Digital intermediary: Korean transnational cinema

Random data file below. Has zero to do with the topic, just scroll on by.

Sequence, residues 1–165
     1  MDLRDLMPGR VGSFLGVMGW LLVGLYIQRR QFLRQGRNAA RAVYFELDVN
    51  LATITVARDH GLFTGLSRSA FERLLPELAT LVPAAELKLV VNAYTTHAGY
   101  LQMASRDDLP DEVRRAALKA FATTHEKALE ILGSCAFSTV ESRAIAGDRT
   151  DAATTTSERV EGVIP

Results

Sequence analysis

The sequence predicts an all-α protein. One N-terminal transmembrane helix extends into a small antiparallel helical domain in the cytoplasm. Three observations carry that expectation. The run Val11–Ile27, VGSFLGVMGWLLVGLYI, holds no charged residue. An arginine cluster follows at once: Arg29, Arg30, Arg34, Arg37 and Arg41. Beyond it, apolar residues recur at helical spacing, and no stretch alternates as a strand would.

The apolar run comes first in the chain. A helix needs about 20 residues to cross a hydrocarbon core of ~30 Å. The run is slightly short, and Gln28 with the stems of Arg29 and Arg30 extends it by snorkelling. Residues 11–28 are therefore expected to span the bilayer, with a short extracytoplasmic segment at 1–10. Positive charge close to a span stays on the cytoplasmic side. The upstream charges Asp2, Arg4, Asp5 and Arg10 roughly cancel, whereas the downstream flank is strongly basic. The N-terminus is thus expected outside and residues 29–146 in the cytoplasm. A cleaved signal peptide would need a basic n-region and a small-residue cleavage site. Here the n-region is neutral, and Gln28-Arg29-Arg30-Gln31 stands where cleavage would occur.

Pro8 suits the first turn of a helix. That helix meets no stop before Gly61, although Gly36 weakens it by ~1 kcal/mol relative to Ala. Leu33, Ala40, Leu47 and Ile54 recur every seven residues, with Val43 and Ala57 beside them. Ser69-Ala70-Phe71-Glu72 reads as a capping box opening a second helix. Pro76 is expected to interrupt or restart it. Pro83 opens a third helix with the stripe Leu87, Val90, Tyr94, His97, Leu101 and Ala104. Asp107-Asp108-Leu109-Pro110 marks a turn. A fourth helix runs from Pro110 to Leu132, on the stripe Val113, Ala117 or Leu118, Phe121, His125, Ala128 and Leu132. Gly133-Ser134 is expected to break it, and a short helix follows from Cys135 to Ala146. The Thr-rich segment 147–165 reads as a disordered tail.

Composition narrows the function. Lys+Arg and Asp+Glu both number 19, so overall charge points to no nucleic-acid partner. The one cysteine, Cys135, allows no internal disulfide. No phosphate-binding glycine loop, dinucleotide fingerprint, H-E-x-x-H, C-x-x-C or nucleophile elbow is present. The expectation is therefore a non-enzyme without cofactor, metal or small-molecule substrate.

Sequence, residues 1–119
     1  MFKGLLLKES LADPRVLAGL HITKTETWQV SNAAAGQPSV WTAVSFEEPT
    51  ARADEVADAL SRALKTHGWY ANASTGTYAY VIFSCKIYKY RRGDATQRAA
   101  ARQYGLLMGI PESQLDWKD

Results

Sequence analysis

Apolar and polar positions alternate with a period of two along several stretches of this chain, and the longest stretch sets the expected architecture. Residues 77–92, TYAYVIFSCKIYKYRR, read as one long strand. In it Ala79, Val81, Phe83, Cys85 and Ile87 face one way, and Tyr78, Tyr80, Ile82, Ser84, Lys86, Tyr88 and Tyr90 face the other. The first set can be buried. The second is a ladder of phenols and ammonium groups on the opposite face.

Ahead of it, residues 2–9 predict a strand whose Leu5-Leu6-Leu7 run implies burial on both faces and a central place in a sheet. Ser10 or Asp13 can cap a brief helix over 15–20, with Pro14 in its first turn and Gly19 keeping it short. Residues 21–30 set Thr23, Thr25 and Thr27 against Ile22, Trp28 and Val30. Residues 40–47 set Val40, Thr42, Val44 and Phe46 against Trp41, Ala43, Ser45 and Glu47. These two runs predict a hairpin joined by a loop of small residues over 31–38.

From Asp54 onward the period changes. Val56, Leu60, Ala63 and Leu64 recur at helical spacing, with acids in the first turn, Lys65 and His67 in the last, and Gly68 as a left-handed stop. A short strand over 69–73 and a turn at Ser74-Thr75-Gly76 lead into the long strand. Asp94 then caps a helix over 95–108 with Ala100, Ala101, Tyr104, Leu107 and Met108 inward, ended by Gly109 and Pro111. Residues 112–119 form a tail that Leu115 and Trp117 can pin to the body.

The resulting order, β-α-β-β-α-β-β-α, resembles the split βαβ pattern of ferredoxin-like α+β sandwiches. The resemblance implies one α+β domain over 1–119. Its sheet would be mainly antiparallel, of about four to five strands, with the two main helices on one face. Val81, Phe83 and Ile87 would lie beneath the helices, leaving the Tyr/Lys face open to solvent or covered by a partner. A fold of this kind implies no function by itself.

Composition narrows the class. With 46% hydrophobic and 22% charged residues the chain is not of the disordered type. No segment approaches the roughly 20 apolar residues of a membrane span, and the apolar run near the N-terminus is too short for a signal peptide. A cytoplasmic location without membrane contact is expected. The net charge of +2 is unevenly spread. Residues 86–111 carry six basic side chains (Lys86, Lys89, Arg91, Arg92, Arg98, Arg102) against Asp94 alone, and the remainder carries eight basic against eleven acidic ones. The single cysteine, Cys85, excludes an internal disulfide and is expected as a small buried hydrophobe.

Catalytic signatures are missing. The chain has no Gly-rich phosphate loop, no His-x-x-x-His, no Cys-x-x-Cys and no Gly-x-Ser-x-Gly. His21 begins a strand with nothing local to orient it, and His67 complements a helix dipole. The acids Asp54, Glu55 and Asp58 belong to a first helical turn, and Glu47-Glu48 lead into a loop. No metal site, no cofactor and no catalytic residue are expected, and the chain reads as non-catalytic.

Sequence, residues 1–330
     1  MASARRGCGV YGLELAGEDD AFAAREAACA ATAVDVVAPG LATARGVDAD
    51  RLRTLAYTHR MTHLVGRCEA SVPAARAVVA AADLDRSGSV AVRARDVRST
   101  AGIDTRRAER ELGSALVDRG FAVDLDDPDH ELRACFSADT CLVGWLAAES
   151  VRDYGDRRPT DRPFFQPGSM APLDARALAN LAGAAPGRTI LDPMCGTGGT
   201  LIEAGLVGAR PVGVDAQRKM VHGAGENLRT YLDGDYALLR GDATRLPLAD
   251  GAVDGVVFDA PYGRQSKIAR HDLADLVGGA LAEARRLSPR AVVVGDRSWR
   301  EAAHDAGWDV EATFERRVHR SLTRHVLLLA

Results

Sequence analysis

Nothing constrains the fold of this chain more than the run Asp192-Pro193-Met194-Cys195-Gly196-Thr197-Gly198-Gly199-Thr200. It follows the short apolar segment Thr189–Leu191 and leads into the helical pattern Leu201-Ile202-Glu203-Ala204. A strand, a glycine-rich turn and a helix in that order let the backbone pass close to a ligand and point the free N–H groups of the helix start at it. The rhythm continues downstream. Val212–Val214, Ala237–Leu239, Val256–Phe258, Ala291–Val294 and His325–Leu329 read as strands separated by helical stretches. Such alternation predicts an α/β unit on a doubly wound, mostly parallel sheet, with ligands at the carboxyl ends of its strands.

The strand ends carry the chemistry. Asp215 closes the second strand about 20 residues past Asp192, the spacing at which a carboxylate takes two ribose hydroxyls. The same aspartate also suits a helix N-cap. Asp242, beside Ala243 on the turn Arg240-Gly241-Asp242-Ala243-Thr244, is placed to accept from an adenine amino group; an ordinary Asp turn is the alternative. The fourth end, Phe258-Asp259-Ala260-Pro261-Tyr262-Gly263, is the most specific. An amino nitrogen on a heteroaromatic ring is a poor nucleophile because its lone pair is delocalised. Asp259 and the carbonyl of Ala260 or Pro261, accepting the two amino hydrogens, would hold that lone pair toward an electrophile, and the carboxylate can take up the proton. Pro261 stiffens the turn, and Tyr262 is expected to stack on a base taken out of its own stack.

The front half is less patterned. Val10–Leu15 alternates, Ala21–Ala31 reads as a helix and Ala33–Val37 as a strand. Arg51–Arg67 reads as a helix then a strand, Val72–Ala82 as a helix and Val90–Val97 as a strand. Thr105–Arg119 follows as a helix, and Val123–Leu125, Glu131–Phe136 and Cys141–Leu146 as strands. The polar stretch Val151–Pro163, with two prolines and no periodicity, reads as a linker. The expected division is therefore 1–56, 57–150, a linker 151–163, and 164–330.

Since censorship was lifted in Korea in 1996, collaboration between Korean andforeign filmmakers has grown in both extent and visibility. Korean films have beenshot in Australia, New Zealand and mainland China, while the Korean digital postproductionand visual effects firms behind blockbusters infused with local effectshave gone on to work with filmmakers from greater China and Hollywood. Koreancinema has become known for its universal storylines, genre experimentation andhigh production values. The number of exported Korean films has increased, ashas the number of Korean actors starring in films made in other countries. Koreahas hosted major international industry events. These milestones have facilitated anunprecedented international expansion of the Korean film industry. With the adventof the `digital waveÃÂ¿ in Korea ÃÂ¿ the film industryÃÂ¿s transition to digital productionpractices ÃÂ¿ this expansion has accelerated. Korean film agencies ÃÂ¿ the pillars ofthe national cinema ÃÂ¿ have played important parts in this internationalisation,particularly in promoting Korean films and filmmakers outside Korea and infacilitating international events in Korea itself. Yet, for the most part, projectsinvolving Korean filmmakers working in partnership with filmmakers from othercountries are the products of individuals and businesses working outside officialchannels. That is, they are often better understood as `transnationalÃÂ¿ rather than`nationalÃÂ¿ or `internationalÃÂ¿ projects. In this article, we focus on a range ofcollaborations involving Korean, Australian, New Zealand and Chinese filmmakersand firms. These collaborations highlight some of the forces that have shaped thedigital wave in the Korean film industry, and illustrate the increasingly influentialrole that the digital expertise of Korean filmmakers is playing in film industries,both regionally and around the world.
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